Civilized living with ‘Emily Post’
As WITH her last book, a biography of Norman Rockwell, Laura Claridge has revisited an American icon, upending or at least questioning cliche, which, in the case of Emily Post, is that of a fussy, obsessive woman preoccupied with which fork one should use. This, as Claridge points out, was a misinterpretation that exasperated the writer, who held that the point of etiquette was not to burden people with rules but to make them comfortable.
Claridge begins with the most uncomfortable experience of Post’s life, the extremely public unraveling of her marriage to the handsome, reckless Edwin Post, a stockbroker, who had promptly lost interest in the wealthy young woman after she became his wife. The anticipation of the 1905 scandal, which involved a scorned chorus girl, extortion, a sting operation, a court trial and Emily Post’s humiliation, animates the early sections of the book.
Born in Baltimore, seven years after the Civil War ended, Emily and her family moved to New York when she was 5. A “southern girl manque,” Emily was the daughter of Bruce Price, a dashing architect (he designed the vacation enclave Tuxedo Park), and Josephine Lee, who possessed a “certain bland sturdiness” and a Pennsylvania coal fortune, which assured the family’s upper-class status. Claridge tracks Emily’s rise from vivacious debutante to poised but neglected society wife and mother against the backdrop of the Gilded Age, deftly tucking in such capsule anecdotes as the declasse Vanderbilts vying for high-society acceptance and instructions for preparing terrapin, which includes a directive one isn’t likely to forget: “Remove the skin from the feet.”
Emily Post’s publishing career began in 1902 when Francis Hopkinson Smith, a family friend, passed on some of her letters to an editor at Ainslee’s Magazine. A first novel soon followed, and then a second about a depressed and lonely wife, released just after the sprawling scandal of her husband’s infidelity. They were divorced in 1906, and though they had two sons together, she never spoke of her ex-husband again.
The way Post liked to tell it, she had been horrified at the idea of writing a book that told people how to act. Long after “Etiquette,” first published in 1922, had become a cultural watershed, Post would claim that Frank Crowninshield, editor of Vanity Fair, had put her up to it, urging the writer to think of all the people such instruction would benefit: “All those new war wives desperate to know how to write a thank-you note, all those immigrants who had made it to our country before the rules tightened, all those new money people, ashamed to admit they had no idea how to behave in society.” Possibly Emily Post felt there was shame in possessing such ambition, especially for a woman, and that it was more becoming to have her position as social arbiter thrust upon her, but according to Claridge’s sleuthing, she’d actually proposed this type of project to a literary agent who dismissed it as unworthy of her abilities.
“Etiquette: In Society, in Business, in Politics and at Home” was a phenomenon from its first edition. The country, then “at its wildest,” welcomed Post’s cast of characters -- the Worldlys, the Gildings, the Kindharts, the Oldnames, the Toploftys -- and their various social dilemmas.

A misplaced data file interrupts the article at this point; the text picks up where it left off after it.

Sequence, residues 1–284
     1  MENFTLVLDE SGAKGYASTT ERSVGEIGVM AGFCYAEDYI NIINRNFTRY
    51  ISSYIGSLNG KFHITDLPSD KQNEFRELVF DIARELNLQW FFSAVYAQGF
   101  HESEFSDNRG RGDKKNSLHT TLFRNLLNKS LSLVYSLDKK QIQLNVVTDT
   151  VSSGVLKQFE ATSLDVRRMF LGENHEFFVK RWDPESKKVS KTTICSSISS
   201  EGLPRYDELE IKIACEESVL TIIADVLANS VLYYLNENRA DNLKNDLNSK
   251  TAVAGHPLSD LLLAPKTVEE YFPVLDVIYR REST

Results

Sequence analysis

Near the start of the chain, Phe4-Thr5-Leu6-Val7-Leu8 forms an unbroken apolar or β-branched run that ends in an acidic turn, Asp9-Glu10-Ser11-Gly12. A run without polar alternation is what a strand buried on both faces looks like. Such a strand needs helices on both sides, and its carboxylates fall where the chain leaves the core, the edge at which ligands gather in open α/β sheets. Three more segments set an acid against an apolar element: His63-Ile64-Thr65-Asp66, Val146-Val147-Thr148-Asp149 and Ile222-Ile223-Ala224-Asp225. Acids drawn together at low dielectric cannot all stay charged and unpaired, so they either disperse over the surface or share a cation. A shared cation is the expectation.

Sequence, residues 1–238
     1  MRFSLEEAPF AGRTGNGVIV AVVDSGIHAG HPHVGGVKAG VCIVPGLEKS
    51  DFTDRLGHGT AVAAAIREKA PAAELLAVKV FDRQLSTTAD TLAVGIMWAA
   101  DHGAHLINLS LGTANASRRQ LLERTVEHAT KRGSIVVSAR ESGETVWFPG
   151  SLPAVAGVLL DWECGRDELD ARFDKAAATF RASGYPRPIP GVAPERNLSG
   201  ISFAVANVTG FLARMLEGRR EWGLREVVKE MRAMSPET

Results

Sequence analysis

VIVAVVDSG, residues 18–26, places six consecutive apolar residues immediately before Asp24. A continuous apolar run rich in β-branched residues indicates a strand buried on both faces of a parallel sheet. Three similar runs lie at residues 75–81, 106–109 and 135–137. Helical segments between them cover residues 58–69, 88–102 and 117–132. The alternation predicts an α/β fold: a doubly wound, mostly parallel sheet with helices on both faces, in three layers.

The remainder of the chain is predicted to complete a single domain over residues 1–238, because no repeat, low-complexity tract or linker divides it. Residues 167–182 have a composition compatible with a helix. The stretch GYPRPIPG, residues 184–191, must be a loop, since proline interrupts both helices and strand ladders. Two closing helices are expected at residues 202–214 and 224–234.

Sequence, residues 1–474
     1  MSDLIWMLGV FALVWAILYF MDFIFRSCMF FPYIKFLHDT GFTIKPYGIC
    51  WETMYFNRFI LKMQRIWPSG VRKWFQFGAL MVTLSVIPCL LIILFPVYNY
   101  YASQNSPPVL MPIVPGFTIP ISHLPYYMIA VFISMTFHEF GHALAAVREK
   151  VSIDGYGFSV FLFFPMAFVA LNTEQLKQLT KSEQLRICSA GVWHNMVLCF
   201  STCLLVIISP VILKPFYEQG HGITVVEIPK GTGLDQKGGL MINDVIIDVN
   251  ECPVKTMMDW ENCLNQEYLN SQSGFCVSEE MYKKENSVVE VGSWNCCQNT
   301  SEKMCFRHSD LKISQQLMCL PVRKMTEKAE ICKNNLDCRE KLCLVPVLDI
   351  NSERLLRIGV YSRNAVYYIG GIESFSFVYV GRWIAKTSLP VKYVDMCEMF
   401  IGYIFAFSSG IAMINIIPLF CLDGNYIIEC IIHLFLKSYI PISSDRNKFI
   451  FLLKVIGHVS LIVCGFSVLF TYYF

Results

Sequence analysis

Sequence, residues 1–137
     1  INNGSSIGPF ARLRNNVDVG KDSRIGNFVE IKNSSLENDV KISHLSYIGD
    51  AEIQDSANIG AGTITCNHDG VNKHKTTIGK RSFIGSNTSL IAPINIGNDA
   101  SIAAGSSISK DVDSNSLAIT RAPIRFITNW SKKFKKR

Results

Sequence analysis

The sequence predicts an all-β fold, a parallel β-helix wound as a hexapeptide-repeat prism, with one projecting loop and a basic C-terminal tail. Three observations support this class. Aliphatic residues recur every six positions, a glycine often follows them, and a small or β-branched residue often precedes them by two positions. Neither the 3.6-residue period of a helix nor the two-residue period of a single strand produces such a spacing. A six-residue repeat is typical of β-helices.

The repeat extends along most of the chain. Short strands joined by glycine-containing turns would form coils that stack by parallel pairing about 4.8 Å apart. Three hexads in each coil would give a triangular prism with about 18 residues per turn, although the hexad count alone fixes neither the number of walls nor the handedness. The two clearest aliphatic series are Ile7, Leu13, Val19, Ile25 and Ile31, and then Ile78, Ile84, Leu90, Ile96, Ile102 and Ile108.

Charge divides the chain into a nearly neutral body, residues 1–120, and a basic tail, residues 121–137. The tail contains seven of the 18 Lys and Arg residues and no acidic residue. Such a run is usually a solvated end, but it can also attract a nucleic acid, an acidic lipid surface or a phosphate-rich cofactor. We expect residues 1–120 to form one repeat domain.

But as her work filled her life, the people closest to Post seemed to leave it. Her father died of stomach cancer. Her mother was killed in a gruesome car accident. Her older son married and began his own family. Her younger son, a rising architect, died of a ruptured appendix. Claridge points out that Joan Didion, in “The Year of Magical Thinking,” found if not solace then identification in the “Funerals” chapter of “Etiquette.” The ritual of mourning was not an academic exercise for Emily Post.
What comes across in the biography is how little interest Emily had in the fork question. What do you wear when visiting your boyfriend in prison? How do you behave toward a soldier who has returned from war? Manners, for Emily Post, were not something for people to hide behind but a way to be with each other, and her prose reveals that she was a contemporary not only of novelists of manners, like Edith Wharton and Henry James, but also of modernist writers James Joyce and Virginia Woolf, who grappled with the problem of being. In the chapter “Fundamentals of Good Behavior,” Post writes, “Unconsciousness of self is not so much unselfishness as it is the mental ability to extinguish all thought of one’s self -- exactly as one turns out the light.”
With the actual losses in Post’s life the narrative momentum found in the earlier sections of Claridge’s book slackens. One doesn’t wish more trauma on the writer, but without the dramatis personae there is simply less drama. Claridge chronicles an intriguing tension with Post’s ri- val, the now-forgotten Lillian Eichler, but the main events are updated editions, new columns and more bestsellers, such as “The Personality of a House.”
As Claridge charts the revisions Post made in later editions of “Etiquette,” a rough outline emerges of the evolution of American manners. The writer, who died in 1960, accommodated the arrival of the telephone, radio and women in the workforce as well as introduced a new character, Mrs. Three-in-One, because as it turned out, not everyone had the problem of how to deal with servants. Claridge’s book hints at becoming a cultural or literary analysis, offering glimpses of Post’s historical context and writing style. But it remains a highly competent biography, the beginning, one hopes, of a whole new field of Emily Post Studies.
Liz Brown has written for various publications, including Bookforum, the London Review of Books and the New York Times Book Review.